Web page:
Lexico-grammatical portraits of vulnerable women in war: the 1641 depositions

Nicci Macleod*, Barbara A. Fennell

*Corresponding author for this work

Research output: Contribution to journalArticlepeer-review


The 1641 Depositions are testimonies collected from (mainly Protestant) witnesses documenting their experiences of the Irish uprising that began in October 1641. As news spread across Europe of the events unfolding in Ireland, reports of violence against women became central to the ideological construction of the barbarism of the Catholic rebels. Against a backdrop of women's subordination and firmly defined gender roles, this article investigates the representation of women in the Depositions, creating what we have termed "lexico-grammatical portraits" of particular categories of woman. In line with other research dealing with discursive constructions in seventeenth-century texts, a corpus-assisted discourse analytical approach is taken. Adopting the assumptions of Critical Discourse Analysis, the discussion is extended to what the findings reveal about representations of the roles of women, both in the reported events and in relation to the dehumanisation of the enemy in atrocity propaganda more generally.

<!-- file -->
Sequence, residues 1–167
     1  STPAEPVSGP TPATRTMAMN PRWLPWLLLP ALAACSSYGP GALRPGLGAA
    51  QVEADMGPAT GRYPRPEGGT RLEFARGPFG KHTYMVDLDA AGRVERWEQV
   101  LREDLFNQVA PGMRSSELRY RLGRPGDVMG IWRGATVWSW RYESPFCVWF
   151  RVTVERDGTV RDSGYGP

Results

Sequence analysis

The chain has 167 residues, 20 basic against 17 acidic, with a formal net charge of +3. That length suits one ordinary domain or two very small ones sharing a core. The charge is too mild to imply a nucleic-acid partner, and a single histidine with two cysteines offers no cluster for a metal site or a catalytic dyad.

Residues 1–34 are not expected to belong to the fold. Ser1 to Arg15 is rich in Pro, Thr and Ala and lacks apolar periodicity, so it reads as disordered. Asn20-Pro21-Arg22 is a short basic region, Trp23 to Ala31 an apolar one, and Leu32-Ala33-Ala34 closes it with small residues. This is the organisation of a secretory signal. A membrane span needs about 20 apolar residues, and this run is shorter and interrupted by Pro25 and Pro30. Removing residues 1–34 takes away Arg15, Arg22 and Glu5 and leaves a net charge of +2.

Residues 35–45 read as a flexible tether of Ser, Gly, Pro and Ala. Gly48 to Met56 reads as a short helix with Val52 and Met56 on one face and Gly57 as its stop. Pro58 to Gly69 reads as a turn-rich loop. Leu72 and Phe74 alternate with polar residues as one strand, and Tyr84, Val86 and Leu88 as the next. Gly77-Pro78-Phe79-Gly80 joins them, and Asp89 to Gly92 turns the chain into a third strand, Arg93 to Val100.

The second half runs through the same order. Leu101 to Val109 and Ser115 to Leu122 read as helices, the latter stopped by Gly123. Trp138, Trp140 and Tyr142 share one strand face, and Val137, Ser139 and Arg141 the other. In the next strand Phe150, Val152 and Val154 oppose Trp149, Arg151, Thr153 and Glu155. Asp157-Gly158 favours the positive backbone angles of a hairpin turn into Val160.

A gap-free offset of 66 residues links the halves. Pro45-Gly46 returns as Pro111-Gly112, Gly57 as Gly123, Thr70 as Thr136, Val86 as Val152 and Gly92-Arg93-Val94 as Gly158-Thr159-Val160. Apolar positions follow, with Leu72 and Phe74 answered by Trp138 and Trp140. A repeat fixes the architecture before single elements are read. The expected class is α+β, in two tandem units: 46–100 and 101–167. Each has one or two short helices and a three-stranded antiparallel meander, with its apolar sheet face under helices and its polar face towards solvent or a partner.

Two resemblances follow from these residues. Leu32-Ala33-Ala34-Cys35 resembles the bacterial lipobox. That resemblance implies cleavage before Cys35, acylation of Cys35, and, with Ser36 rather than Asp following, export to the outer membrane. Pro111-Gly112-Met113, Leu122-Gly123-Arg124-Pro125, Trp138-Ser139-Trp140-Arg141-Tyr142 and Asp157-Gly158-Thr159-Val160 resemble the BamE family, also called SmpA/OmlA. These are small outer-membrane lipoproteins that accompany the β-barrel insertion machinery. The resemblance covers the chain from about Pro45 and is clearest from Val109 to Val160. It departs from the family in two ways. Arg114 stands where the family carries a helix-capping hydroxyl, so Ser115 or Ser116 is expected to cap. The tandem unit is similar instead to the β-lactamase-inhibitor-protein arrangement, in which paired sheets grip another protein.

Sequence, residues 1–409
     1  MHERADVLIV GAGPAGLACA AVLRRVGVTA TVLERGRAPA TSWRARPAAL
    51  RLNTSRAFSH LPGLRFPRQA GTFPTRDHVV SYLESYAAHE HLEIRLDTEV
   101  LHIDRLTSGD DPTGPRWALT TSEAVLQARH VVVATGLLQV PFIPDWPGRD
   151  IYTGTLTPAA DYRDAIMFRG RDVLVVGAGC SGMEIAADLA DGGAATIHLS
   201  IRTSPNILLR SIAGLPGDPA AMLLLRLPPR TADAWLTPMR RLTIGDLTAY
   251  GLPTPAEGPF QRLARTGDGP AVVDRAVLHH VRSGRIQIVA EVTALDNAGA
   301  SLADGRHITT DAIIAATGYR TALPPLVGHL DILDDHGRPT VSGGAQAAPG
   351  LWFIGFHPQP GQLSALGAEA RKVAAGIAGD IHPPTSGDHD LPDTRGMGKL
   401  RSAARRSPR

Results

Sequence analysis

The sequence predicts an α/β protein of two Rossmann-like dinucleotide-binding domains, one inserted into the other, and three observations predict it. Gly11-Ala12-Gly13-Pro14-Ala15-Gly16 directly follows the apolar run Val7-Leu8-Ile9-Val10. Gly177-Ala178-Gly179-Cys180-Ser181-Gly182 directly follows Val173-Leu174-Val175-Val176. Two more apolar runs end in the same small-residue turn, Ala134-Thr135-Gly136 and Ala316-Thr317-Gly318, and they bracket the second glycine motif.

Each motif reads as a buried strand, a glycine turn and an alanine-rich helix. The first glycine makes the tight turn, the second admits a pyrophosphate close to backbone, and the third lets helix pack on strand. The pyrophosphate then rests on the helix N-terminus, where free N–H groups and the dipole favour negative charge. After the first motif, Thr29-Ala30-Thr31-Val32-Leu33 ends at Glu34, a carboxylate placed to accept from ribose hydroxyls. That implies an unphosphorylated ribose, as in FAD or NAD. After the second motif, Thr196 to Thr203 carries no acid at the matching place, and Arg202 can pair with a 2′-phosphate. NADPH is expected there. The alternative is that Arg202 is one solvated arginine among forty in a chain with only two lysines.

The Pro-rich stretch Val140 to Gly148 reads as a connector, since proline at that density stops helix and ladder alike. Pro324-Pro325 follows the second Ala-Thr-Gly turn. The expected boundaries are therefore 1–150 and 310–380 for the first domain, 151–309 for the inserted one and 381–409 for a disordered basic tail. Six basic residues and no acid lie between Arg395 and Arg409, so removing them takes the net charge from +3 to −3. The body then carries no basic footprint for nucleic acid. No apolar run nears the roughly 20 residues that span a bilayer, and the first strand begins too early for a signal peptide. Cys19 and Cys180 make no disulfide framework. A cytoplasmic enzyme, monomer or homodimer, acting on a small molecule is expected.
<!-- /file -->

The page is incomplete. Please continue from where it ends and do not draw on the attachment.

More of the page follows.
Original languageEnglish
Pages (from-to)259-290
Number of pages32
JournalJournal of Historical Pragmatics
Issue number2
Publication statusPublished - 10 Jul 2012


  • 1641 depositions
  • corpus
  • critical discourse analysis
  • lexico-grammatical portraits
  • representation
  • women


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